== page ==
Genotyping of solid tumours in Gliomas

Genotyping of solid tumours in Gliomas


Investigation into the utility of non-invasive liquid biopsy as an alternative cancer testing strategy for diagnostic genotyping of solid tumours in Gliomas
Official Title: Investigation into the utility of non-invasive liquid biopsy as an alternative cancer testing strategy for diagnostic genotyping of solid tumours in gliomas
Lead Researcher: Victoria Hewitt, DipRCPath
Where: Yorkshire and North East Genomic Laboratory Hub, Leeds
When: 2020 - 2021
Cost: £10,000
Research Type: Adult & Paediatric, developing new non-invasive testing tools, Glioma

The aim of the research is to develop liquid biopsy testing as a non-invasive tool to revolutionise genotyping in brain tumours (Glioma), offering financial savings, a new diagnostic and prognostic tool within the NHS and providing invaluable knowledge for clinicians to support and influence patient treatment pathways.

What is it?

Currently, testing for glioma patients involves invasive brain surgery to excise a small piece of tumour. DNA is extracted and prepared for genotyping in the genomic lab. This is tested for small genetic changes within the patient's DNA and the results influence their treatment pathway.

This genotyping work has become gold standard and has significantly helped to advance knowledge. As the field of cancer genomics progresses more genetic targets are being identified. However, to collect more material to develop this, more invasive procedures are required.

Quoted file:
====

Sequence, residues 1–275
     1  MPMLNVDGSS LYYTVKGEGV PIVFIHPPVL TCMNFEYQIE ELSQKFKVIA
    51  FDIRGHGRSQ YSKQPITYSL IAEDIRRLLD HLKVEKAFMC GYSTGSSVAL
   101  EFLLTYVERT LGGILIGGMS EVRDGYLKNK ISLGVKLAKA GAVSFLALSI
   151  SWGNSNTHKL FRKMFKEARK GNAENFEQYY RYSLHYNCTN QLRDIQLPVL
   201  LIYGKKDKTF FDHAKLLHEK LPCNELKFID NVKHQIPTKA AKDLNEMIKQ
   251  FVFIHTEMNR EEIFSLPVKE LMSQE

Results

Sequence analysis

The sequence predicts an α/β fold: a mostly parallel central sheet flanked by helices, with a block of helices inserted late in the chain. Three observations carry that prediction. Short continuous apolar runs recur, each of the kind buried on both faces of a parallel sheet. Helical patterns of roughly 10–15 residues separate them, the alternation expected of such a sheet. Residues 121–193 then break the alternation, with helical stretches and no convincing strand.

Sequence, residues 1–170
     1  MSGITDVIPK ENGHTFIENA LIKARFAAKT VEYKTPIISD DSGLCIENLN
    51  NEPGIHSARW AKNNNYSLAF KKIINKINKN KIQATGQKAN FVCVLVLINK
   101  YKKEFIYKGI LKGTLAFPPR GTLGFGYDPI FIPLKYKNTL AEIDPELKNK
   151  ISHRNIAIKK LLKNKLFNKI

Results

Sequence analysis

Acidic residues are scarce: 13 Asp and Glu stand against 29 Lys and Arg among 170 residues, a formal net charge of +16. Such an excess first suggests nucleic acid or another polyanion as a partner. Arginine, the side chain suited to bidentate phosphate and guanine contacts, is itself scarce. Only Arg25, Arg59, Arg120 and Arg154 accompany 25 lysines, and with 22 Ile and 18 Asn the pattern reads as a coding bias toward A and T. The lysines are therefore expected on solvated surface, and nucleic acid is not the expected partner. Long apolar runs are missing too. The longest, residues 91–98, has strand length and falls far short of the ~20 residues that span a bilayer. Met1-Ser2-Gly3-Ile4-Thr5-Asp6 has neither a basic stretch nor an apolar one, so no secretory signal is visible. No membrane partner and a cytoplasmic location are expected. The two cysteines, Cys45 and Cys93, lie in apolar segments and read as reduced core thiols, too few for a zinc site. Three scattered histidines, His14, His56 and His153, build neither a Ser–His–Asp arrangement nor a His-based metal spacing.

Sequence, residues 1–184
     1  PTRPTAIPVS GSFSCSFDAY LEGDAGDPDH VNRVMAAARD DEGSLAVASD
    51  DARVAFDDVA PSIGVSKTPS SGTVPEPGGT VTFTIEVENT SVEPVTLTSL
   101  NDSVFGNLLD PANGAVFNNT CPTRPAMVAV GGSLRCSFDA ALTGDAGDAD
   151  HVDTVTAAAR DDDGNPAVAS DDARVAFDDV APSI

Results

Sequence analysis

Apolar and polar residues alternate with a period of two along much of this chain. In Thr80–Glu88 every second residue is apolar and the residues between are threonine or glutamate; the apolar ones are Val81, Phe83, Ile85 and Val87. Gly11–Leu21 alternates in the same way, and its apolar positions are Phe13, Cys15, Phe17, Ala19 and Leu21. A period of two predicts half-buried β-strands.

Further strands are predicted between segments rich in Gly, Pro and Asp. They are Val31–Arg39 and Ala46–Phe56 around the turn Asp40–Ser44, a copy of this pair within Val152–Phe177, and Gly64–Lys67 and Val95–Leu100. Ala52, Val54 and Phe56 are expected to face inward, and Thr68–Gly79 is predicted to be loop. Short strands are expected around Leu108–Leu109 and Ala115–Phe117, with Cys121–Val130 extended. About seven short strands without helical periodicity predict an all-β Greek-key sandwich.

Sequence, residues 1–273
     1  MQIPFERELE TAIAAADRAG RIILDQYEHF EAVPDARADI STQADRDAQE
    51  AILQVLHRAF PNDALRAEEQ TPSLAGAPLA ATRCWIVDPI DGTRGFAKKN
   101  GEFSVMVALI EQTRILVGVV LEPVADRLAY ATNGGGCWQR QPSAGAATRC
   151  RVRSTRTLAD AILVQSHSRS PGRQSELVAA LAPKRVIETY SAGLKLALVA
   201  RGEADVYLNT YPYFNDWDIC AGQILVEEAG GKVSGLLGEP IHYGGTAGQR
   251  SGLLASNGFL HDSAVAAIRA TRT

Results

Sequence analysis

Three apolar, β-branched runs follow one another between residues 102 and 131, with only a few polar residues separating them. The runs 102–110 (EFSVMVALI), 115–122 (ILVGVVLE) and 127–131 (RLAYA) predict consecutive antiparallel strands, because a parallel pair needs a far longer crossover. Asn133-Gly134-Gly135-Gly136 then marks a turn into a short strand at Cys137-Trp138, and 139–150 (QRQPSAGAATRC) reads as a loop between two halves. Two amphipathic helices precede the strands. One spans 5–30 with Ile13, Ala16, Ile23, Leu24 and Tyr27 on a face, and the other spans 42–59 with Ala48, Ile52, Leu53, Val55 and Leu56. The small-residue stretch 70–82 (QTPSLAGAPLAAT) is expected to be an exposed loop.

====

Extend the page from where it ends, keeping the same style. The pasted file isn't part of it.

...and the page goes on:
This means there is a need for new methods and testing strategies that are not as invasive.

This research looks at using blood as a source for potential diagnostic genotyping of brain tumours. Not only will this have huge cost savings within the NHS but more importantly, it will be non-invasive and involve little trauma or recovery time for a patient.



What's the science?

Blood contains cell free DNA (cfDNA). We know that serum and plasma from cancer patients contains higher levels of cfDNA than healthy patients. It also contains tumour specific genetic alterations that are called "circulating free tumour DNA (ctDNA)".

In the first phase, this project investigates ctDNA from blood samples to explore a range of methodologies and instruments for brain tumour (Glioma) genotyping.
In simple terms: it will look at how we get what we need.

In the second phase, the project will investigate the optimisation of ctDNA extraction from blood and design a specific Glioma panel.
Again, in simple terms: it will look at developing how we get what we need as sensitively and robustly as possible.

In the future the project will lead to exploring the most accurate non-invasive testing to fully develop a new diagnostic and prognostic tool.

This is a really exciting area of development and YBTC are delighted to be supporting this work with a grant to cover the lab costs for Victoria.


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